Everyone is made up of matter, we know this. We need oxygen to breathe, and various other elements to stay alive.
Chemicals (hormones) gush through our bodies and nervous systems: the vast majority benefiting us on a short-term basis. But, you can have too much of a good thing.
Take cortisol. Often called the ‘stress’ hormone, this chemical can have a range of functions: it can help regulate blood sugar and salt in the body, improve memory function and control our blood pressure. If we have too much cortisol in our bodies, though, it can interrupt our sleep patterns, affect fertility, cause muscle weakness, and much more.
Research has shown that we have more cortisol in our systems that our parents and grandparents carried. We have learned to react to a 24/7 world, which means we don’t spend as much time relaxing as previous generations did. And we don’t mean being physically relaxed; for many of us, even if we sit down to rest, our minds still turn over the things that worry us. And in this instance, your body will still produce cortisol – as it gears up for what it thinks could be a ‘fight or flight’ situation.
In a 2017 study, 40% of the employees questioned said they experienced ‘excessive pressure’ at least once a week. Do you imagine your parents or grandparents would have said the same? Yes, they lived through traumatic periods, no more so than during world wars, but outside of these horrific incidents, was life for them as stressful on a daily basis?
Have you ever fallen ill when on holiday? On a daily basis cortisol keeps our wits sharp, its stirs our adrenaline, and it makes sure we function well, but constant overproduction can affect our immune systems long-term. One reason why people in demanding jobs often get sick in their downtime is because the sudden drop in cortisol production causes an inflammatory response.
Mindfulness is a word that’s been batted about in recent years, though there are still many of us who don’t practise it. It’s not a New Age practice, but the simple act of slowing down and clearing your mind for a short while. Your brain is a muscle; we would gladly rest our legs if we’d been on them all day – why should our minds be any different?
Ten minutes meditation/mindfulness once a day is a help, but for long-term benefits, and so we can avoid the cortisol time bomb going off – which has the potential to explode into a breakdown of some kind – we need to flood our systems with positive chemicals. These include dopamine, oxytocin, serotonin and endorphins, which are all part of a group often called ‘the happiness chemicals’. With an amygdala full of ‘happiness’ hormones, we react to situations calmly and with a positive attitude. If cortisol overrides these chemicals our reactions tend to come from a point of anger and frustration.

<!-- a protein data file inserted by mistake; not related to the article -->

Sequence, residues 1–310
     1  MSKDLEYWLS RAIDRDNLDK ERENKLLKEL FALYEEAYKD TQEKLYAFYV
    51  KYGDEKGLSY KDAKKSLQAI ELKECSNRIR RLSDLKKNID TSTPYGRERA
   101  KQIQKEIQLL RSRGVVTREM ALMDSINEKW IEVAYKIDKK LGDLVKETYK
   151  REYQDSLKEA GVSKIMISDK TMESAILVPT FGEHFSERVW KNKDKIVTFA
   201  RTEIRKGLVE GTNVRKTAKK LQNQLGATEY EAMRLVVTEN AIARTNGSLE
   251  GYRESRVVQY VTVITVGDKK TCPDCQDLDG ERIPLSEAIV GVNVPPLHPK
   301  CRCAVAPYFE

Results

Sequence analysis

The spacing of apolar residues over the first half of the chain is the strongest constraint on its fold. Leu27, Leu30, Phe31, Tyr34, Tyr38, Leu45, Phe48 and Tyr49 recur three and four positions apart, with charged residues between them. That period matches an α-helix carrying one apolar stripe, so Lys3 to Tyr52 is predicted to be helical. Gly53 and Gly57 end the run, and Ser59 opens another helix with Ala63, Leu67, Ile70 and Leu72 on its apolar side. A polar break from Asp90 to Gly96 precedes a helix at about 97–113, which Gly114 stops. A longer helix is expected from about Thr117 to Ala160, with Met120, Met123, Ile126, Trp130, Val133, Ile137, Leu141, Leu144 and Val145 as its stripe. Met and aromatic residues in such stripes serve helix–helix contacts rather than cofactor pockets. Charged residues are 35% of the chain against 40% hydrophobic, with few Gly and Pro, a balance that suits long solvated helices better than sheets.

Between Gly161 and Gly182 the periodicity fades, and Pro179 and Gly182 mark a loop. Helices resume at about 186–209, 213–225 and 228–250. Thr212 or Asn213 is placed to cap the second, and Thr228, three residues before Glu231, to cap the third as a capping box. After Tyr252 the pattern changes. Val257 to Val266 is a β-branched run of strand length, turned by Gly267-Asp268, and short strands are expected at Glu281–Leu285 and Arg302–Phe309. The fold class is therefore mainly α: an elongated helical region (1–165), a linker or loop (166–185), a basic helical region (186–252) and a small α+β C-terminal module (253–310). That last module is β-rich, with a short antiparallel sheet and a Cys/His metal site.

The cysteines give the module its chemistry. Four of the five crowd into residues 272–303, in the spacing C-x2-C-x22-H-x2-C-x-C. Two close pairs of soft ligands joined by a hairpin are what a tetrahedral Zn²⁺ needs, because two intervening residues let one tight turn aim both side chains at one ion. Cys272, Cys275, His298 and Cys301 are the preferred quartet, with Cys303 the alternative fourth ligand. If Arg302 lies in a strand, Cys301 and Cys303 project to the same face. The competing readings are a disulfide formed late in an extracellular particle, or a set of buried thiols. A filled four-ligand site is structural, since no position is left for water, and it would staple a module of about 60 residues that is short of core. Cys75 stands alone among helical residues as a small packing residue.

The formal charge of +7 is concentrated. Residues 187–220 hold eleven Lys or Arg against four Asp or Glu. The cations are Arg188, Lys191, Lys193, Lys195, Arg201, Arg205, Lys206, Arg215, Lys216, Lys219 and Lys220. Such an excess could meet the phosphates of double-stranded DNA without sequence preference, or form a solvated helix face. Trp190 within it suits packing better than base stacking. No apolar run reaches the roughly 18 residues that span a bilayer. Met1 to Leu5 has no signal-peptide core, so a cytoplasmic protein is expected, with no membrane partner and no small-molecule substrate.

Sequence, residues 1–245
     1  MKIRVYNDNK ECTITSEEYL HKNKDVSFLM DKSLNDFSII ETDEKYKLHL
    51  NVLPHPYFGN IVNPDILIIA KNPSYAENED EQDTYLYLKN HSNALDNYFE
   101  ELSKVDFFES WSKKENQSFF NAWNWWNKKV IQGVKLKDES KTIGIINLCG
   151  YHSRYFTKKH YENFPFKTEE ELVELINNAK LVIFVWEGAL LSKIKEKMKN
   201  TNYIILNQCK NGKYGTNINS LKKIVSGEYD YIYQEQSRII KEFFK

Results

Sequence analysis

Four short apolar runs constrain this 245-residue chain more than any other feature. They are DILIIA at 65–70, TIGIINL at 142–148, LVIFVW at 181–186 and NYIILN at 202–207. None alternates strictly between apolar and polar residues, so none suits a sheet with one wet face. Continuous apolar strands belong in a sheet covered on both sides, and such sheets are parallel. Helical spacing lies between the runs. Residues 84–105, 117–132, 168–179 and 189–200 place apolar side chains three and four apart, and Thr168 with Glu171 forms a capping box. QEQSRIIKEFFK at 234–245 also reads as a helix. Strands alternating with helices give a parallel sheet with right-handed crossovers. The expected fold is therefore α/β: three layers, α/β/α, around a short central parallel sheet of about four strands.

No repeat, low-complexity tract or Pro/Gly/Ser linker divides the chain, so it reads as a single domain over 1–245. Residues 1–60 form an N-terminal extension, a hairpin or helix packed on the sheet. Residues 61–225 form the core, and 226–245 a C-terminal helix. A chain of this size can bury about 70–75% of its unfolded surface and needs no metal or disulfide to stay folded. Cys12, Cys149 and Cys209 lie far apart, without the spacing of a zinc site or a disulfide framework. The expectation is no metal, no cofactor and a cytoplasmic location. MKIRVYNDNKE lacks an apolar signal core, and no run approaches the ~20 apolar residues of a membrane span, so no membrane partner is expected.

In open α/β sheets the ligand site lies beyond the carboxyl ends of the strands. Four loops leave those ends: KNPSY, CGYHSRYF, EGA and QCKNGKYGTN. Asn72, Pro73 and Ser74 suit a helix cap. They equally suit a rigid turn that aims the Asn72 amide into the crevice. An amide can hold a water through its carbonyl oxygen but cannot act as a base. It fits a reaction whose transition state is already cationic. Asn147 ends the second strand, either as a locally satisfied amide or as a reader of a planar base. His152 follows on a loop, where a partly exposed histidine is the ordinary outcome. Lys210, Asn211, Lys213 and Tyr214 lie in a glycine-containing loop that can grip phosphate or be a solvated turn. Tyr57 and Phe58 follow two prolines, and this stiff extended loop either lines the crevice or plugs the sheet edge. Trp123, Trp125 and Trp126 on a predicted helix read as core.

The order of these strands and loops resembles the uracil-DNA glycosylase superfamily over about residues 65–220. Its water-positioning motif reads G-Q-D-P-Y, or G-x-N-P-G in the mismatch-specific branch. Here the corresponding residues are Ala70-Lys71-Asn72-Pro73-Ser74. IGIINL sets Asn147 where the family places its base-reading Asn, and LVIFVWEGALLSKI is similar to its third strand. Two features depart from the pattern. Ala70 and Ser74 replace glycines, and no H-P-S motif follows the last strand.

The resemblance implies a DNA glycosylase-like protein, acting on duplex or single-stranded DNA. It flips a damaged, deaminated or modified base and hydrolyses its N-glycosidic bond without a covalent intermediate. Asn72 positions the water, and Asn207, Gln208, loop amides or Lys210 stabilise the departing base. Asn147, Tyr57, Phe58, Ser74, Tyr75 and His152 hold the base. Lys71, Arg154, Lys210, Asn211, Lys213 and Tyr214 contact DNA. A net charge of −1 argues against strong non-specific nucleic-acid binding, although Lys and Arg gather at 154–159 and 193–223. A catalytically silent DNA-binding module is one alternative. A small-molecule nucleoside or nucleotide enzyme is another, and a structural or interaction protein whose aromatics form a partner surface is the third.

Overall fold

Incorporating mindfulness into our daily lives is not a case of jumping onto the latest self-help bandwagon – it has real effects on our effectiveness and productivity. Consider this: the number of sick days employees take from work each year, due to anxiety and stress, costs the economy £29bn.
So, how do we increase our happy vibes? How do we ensure there are more happy chemicals in our systems?
Well, they don’t derive from having the biggest house, the latest designer handbag, or the flashiest car – sorry! Research has shown that people are happiest when they “feel good about themselves and what they’re doing”. According to Fredrickson et al, happiness stems from gratitude, love, inspiration, awe, hope, pride and more.
These positive emotional states improve our decision-making, productivity and resilience. Another significant benefit that comes from increasing these chemicals in our systems is better life expectancy: studies show that happy people live 7-10 years longer. These people don’t have better circumstances, more money or greater health than the rest of us, but they exercise acceptance and gratefulness for what they do have and can do, rather than stressing about what they haven’t got or what they’re unable to do.
Our Jigsaw Development Tool is useful in this instance. It can help you understand in which scenarios in life, and within which aspects of your personality, improvements could be made – to achieve a greater balance between cortisol and happiness chemicals. We’re all a work in progress; increasing the flow of endorphins and its stable-mates won’t happen overnight. They will only come with effort and from forming new habits. For example, gratitude is a state of mind; experts recommend taking a few moments at the end of each day to consider what you’re grateful for from the last 24 hours and recording it in a journal, so that it’s more tangible. Doing this often enough will create a habit, and before long, you’ll be exercising gratitude throughout the day, not just when you’re winding down to sleep.
This quote from Abraham Lincoln sums it up: “Folks are usually about as happy as they make their minds up to be.”
How happy do YOU want to be? How happy do you want your EMPLOYEES to be, when you realise the effect it will have on them…and your business?
For further information contact Michelle on 01924 898930 or firstname.lastname@example.org